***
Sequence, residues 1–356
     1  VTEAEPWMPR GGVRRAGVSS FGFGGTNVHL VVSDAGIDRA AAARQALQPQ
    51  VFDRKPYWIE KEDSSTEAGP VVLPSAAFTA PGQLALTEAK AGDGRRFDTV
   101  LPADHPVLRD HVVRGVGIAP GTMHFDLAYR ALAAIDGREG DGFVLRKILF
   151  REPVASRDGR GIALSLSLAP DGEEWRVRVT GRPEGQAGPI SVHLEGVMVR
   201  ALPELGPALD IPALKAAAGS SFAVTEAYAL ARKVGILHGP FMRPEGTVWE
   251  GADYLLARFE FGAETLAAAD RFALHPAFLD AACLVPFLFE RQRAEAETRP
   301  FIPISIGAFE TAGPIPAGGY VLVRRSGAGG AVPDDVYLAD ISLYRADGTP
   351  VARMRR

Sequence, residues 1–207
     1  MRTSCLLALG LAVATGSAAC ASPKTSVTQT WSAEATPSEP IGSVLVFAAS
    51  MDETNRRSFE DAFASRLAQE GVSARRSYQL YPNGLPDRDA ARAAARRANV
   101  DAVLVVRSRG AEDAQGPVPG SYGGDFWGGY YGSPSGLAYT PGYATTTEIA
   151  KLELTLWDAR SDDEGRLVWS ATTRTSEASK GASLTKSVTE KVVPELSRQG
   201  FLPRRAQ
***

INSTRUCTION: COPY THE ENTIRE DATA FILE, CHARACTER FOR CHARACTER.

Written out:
Sequence, residues 1–356
     1  VTEAEPWMPR GGVRRAGVSS FGFGGTNVHL VVSDAGIDRA AAARQALQPQ
    51  VFDRKPYWIE KEDSSTEAGP VVLPSAAFTA PGQLALTEAK AGDGRRFDTV
   101  LPADHPVLRD HVVRGVGIAP GTMHFDLAYR ALAAIDGREG DGFVLRKILF
   151  REPVASRDGR GIALSLSLAP DGEEWRVRVT GRPEGQAGPI SVHLEGVMVR
   201  ALPELGPALD IPALKAAAGS SFAVTEAYAL ARKVGILHGP FMRPEGTVWE
   251  GADYLLARFE FGAETLAAAD RFALHPAFLD AACLVPFLFE RQRAEAETRP
   301  FIPISIGAFE TAGPIPAGGY VLVRRSGAGG AVPDDVYLAD ISLYRADGTP
   351  VARMRR

Sequence, residues 1–207
     1  MRTSCLLALG LAVATGSAAC ASPKTSVTQT WSAEATPSEP IGSVLVFAAS
    51  MDETNRRSFE DAFASRLAQE GVSARRSYQL YPNGLPDRDA ARAAARRANV
   101  DAVLVVRSRG AEDAQGPVPG SYGGDFWGGY YGSPSGLAYT PGYATTTEIA
   151  KLELTLWDAR SDDEGRLVWS ATTRTSEASK GASLTKSVTE KVVPELSRQG
   201  FLPRRAQ